11. #86
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    Mutants are analgolous to...Mutants! Science Fiction stories about highly evolved individuals were around decades before X Men; EC comics had mutants facing humans fear and hate in Weird Science, Marvel had amutant villain in Young Men, who sounded just like Magneto, and DC had the heroic Captain Comet. Fear of mutants with powers and abilities beyond humans is a traditional Sci-fi trope. Although it can be said that teenage readers going through their own mutation of adolescence, with changes in their bodies, would identify with mutant characters.

  12. #87
    Incredible Member Rang10's Avatar
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    Quote Originally Posted by Kaitou D. Kid View Post
    The X-Men haven't been a 1:1 metaphor for any real-life marginalized identity since the Claremont days. Claremont turned them into a metaphor for outcasts in general and used the civil rights comparisons only where it made sense.

    I do think Miles Morales and Kamala Khan work better as representations for real-life minorities, but not just because most of the X-Men are white. It's mainly because Miles and Kamala are both working-class everymen like most of the population, and are likelier to have experiences closer to that of most real-life black and brown people as a result of this.
    I think that comics moved to direct representation lately. Like you said Miles is very relatable, a black teenagers trying to find his place on the world and all the shenanigans of superpowers.

    You can fit some situations x-men live on the metaphor, but in the end it isn't a fully analogue. It kinda of rememers me of a netflix movie with will smith, where fairy creatures were the stand ins for people of olor, of corse the movie was panned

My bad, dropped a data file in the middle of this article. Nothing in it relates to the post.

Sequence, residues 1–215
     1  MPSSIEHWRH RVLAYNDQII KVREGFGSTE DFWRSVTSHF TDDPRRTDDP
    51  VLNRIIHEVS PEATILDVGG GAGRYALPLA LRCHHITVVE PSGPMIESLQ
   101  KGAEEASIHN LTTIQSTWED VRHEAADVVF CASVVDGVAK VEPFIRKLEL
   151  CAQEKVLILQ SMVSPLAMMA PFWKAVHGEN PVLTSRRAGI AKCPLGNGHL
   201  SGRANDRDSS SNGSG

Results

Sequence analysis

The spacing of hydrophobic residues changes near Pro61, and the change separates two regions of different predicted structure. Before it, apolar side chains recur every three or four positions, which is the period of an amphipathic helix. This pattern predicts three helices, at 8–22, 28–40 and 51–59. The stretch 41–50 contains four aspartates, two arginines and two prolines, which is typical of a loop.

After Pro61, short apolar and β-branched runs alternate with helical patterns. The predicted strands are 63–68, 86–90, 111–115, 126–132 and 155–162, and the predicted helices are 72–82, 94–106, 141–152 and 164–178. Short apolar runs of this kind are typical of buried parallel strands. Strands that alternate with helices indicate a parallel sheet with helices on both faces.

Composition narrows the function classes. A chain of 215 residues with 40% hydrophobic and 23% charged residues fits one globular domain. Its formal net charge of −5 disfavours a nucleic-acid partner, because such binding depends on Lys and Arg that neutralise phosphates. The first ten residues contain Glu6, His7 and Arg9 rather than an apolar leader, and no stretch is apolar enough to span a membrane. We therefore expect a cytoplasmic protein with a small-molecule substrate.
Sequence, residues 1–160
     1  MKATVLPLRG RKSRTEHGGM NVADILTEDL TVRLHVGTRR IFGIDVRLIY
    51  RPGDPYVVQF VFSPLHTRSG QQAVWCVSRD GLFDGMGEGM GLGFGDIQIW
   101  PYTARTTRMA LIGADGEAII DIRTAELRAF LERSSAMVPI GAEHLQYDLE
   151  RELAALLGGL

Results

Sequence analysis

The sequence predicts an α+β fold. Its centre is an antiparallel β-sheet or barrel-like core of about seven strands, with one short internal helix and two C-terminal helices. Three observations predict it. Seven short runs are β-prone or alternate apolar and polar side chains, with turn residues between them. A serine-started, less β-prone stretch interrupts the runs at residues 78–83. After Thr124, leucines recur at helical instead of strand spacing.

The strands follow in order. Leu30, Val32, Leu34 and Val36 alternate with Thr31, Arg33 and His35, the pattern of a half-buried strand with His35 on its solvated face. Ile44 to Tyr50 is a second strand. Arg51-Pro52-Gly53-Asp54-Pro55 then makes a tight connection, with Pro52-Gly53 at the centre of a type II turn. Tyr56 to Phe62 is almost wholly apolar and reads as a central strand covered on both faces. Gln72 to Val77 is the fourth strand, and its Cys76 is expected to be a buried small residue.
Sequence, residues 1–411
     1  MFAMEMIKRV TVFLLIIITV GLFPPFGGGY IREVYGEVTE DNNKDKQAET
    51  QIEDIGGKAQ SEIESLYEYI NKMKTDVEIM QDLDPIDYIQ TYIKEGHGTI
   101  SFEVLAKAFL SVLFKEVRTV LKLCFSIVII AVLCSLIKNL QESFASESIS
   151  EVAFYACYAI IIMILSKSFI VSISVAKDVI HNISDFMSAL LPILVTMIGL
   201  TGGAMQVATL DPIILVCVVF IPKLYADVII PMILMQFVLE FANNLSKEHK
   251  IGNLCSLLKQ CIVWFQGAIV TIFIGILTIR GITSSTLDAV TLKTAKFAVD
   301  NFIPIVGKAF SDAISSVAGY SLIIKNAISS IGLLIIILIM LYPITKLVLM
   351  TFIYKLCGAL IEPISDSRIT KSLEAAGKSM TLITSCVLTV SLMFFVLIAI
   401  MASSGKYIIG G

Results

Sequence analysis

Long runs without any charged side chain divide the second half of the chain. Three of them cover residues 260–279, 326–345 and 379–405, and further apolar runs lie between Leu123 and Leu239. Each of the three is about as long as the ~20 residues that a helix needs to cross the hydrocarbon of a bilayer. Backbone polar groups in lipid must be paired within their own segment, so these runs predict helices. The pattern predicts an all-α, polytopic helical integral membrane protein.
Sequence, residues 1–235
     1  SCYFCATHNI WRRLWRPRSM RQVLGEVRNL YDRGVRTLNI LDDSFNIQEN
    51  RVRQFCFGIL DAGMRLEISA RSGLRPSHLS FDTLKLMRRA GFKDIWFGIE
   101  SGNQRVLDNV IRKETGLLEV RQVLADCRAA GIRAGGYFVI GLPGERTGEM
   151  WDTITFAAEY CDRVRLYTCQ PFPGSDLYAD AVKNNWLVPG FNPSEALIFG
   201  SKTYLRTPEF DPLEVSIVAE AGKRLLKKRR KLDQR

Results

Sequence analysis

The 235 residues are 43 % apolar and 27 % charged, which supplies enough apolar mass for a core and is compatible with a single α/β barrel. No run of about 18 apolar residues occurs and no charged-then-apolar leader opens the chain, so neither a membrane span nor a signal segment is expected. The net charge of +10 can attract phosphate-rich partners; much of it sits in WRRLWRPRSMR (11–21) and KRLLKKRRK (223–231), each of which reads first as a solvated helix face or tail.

13. #88
    Sarveśām Svastir Bhavatu Devaishwarya's Avatar
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    Quote Originally Posted by Kaitou D. Kid View Post
    The X-Men haven't been a 1:1 metaphor for any real-life marginalized identity since the Claremont days. Claremont turned them into a metaphor for outcasts in general and used the civil rights comparisons only where it made sense.

    I do think Miles Morales and Kamala Khan work better as representations for real-life minorities, but not just because most of the X-Men are white. It's mainly because Miles and Kamala are both working-class everymen like most of the population, and are likelier to have experiences closer to that of most real-life black and brown people as a result of this.
    Exactatiously.
    To belabour the point that they are "not" in today's world, for today's audience is counting straws in a haystack.
    At this point...as a group entity, they're more representational of the abstract notion of "Self acceptance" and "I'm going to take control of my life and build my world to suit me and mine. Fuck all y'all"
    We are MUTANT...One people. One tribe. One family...Krakoa and Arakko, FOREVER!!!

  14. #89
    MXAAGVNIEETRO IS RIGHT MyriVerse's Avatar
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    Quote Originally Posted by Riv86672 View Post
    Sadly, the current X-Men are more like the ppl/groups they used to fight against than anything else.
    Yup.

    And at this point, there's pretty much nothing remotely relatable about anything going on in any X-Book. There isn't even an allegory, atm.
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  15. #90
    Ultimate Member AtheistInRed's Avatar
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    Well topic creator, I can tell you from my personal perspective as a black person (yesiknowthatsoundsgeneric) that I would not let anybody tell me straight to my face that a mutant and mostly white group represents me. Let alone serve as an insulting metaphor. There's just no way.

    So yeah, I never looked at the X-Men as an analysis of real life. They represent mutants from a fictional universe known as Marvel.